South East Asian Mathematics Competition

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The South East Asian Mathematics Competition (SEAMC) is a 3-day math competition held in a predesignated location in South East Asia.[1]

It is a qualifying competition by Competition Academy for invitation to the World Mathematics Championships. This competition embodies the spirit of communication, collaboration, creativity, critical thinking (strategy), content knowledge, character, and cultural competence through the diverse range of competitors and schools from various countries.

General information[edit]

The location of the SEAMC changes annually. There are now at least two venues used annually.

Eligibility[edit]

The Senior Competition is open to all students in Grade 12 (Year 13) or younger during the month of the event.

The Junior Competition is open to all students in Grade 9 (Year 10) or younger during the month of the event.

The Prime Plus Competition is open to all students in Grade 7 (Year 8) or younger during the month of the event.

The competition[edit]

History[edit]

SEAMC and NEAMC are mathematics collaboration experience for school students located in South or North East Asia to come together for three days.

SEAMC was conceived at the turn of the millennium by Steve Warry, who taught at Alice Smith School, Kuala Lumpur, and believed that mathematics could be a spectator sport. In pursuit of this, he organised the South East Asian Mathematics Competition (SEAMC) for March 2001. He died the week prior to the competition, but the event went ahead. Teams compete for the Warry Cup that is named after Steve.

From 2014, the NEAMC sister event has been organised for students in North East Asia.

Format[edit]

All WMC qualifying competitions have:

  • 3 days of engagement
  • 9 equally weighted rounds
  • 6 skills categories for prizes
  • The best sum ranking across all 9 rounds win

School teams engage within the Communication skills rounds.

The Collaboration skills rounds (Open, Lightning and Innovation) are in buddy teams of three[2]. The Challenge are skills rounds undertaken as individuals.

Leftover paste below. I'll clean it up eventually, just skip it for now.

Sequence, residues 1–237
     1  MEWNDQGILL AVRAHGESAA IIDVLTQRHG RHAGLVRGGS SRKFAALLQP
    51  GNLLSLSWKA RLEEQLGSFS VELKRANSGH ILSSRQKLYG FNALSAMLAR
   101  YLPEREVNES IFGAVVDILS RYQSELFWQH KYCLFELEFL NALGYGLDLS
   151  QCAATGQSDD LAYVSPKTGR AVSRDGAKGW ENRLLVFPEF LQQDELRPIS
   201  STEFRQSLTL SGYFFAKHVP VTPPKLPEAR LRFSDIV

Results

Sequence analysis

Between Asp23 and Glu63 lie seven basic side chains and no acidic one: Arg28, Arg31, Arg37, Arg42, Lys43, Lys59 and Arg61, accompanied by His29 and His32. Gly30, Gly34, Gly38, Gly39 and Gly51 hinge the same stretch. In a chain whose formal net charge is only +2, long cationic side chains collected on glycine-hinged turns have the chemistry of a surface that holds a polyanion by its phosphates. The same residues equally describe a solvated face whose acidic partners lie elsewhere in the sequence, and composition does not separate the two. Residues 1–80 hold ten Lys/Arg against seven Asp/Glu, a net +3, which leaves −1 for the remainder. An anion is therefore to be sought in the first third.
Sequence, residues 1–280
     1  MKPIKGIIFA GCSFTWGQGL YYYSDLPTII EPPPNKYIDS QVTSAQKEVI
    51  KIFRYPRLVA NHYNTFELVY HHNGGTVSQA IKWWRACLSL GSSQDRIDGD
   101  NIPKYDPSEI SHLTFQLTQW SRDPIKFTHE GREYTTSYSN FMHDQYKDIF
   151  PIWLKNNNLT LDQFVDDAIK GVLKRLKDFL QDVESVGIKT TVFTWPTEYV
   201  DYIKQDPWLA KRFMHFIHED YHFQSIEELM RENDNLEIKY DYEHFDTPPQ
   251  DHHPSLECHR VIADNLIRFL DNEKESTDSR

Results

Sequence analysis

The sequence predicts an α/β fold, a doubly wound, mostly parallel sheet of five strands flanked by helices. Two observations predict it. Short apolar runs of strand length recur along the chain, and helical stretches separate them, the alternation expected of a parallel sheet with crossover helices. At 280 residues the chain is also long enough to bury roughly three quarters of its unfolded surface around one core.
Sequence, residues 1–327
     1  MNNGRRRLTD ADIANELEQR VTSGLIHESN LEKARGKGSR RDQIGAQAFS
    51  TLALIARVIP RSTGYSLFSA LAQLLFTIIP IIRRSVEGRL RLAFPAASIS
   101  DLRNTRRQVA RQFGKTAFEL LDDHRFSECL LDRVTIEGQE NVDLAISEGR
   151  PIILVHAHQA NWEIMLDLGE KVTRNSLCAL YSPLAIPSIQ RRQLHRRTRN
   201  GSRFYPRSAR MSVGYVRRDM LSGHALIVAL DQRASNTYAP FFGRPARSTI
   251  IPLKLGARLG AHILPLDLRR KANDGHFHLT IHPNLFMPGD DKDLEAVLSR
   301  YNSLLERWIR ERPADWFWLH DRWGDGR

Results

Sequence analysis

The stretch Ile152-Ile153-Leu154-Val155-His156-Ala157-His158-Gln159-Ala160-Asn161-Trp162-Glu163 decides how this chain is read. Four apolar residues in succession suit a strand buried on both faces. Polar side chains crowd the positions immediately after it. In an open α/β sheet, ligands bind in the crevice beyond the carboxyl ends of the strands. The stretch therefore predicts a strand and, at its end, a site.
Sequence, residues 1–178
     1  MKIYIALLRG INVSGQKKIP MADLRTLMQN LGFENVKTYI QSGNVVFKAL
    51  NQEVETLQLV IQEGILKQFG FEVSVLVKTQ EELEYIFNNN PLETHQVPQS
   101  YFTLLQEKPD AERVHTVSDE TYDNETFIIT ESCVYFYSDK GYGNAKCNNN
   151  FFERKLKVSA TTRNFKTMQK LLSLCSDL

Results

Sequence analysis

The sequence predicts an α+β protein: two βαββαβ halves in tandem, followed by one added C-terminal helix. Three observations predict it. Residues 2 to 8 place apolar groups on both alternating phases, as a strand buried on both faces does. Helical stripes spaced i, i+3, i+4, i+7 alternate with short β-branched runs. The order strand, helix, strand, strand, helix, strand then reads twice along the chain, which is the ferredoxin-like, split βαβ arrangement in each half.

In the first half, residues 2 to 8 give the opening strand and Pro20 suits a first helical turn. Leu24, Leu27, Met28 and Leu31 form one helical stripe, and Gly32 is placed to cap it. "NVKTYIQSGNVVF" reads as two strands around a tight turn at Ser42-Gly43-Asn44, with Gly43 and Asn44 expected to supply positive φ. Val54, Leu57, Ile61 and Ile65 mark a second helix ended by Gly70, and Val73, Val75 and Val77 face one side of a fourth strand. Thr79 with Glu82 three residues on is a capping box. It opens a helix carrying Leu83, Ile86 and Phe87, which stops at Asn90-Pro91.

Three skills rounds are (subject specific skills and procedures) knowledge based, three are (plan and execute) strategy focused and three depend upon (new and imaginative ideas) creativity.

So each strategy, creative and knowledge skill category is engaged in alone, in school teams and in buddy teams. Past questions can be found around the web.[3]

Prizes[edit]

There are many prizes to be had, with the most important being the intangibles that one gains from such an experience. On top of that:

  • All participants receive a transcript of relative attainment in each of the 9 rounds.
  • The highest ranked individuals in each category receive medals.
  • The highest ranked individuals across all 9 rounds receive medals.
  • The best ranked school team across all 9 rounds receive a respectively named Cup (for the SEAMC Junior competition, this is the original Warry Cup).

The better ranked teams across all of the competition venues that year are invited to the ultimate World Mathematics Championships showdown, hosted by Trinity College, University of Melbourne in the following July each year.

Results[edit]

Past team winners[edit]

  • 2020 - UWCSEA East, Singapore
  • 2019 - British School Manila, Philippines (Matteo Sy, Ethan Chan, Sandrene Sy, Kimi Gatlabayan)
  • 2018 - Saigon South International School, Vietnam
  • 2017 - Singapore American School, Singapore[4]
  • 2016 - Singapore American School, Singapore[5]
  • 2015 - Singapore American School, Singapore
  • 2014 - Hong Kong International School, Hong Kong[6]
  • 2013 - Chinese International School, Hong Kong
  • 2012 - Chinese International School, Hong Kong
  • 2011 - West Island School, Hong Kong
  • 2010 - British International School, Vietnam (Jaeho Han, Chaewon Oh, Jungmin Kang)
  • 2009 - German Swiss International School, Hong Kong
  • 2008 - UWCSEA Dover, Singapore
  • 2007 - KGV, Hong Kong
  • 2006 - KGV, Hong Kong
  • 2005 - Island School, Hong Kong
  • 2004 - Island School, Hong Kong
  • 2003 - Garden IS, Kuala Lumpur
  • 2002 - Island School, Hong Kong
  • 2001 - South Island School, Hong Kong

World Mathematics Championship 2018 Results[edit]

  • Winner : Palis Pisuttisarun
  • Runner Up : Ho Wang Tang
  • Runner Up : Byung Hoo Park
  • Runner Up : Rocco Jiang

Past individual winners[edit]

  • 2019 - Vedanshee Agarwal, Oberoi International School, India
  • 2019 - Nikhil Pande, Oberoi International School, India
  • 2019 - Juhee (Jessie) Hong, Singapore American School, Singapore
  • 2019 -
  • 2019 - Otto Winata, Singapore Piaget Academy Medan, Indonesia
  • 2019 - Alex Lee, Taipei European School, Taipei
  • 2019 - Tie between Kyung Chan Lee, Garden International School, KL, and Michael Wu, Hong Kong International School, Hong Kong
  • 2019 - Joanna Cheng, South Island School, Hong Kong
  • 2019 - Charles Meng, Chinese International School, Hong Kong
  • 2019 - Alexander Cooke, South Island School, Hong Kong
  • 2019 - Ki Yun Kim, JIS, Indonesia
  • 2019 - Joon Young Lee, ISB, China
  • 2019 - Dong Wook Chung, UWCSEA, Singapore
  • 2019 - Oliver Huang, KGV, Hong Kong
  • 2019 - En Seng Ng, SAS, Singapore
  • 2019 - Tiffany Lau, Island School, Hong Kong
  • 2019 - Otto Chan, Island School, Hong Kong
  • 2019 - Ernest Chia, Garden IS, Kuala Lumpur
  • 2019 - Ernest Chia, Garden IS, Kuala Lumpur
  • 2019 - John Chan, WIS, Hong Kong

References[edit]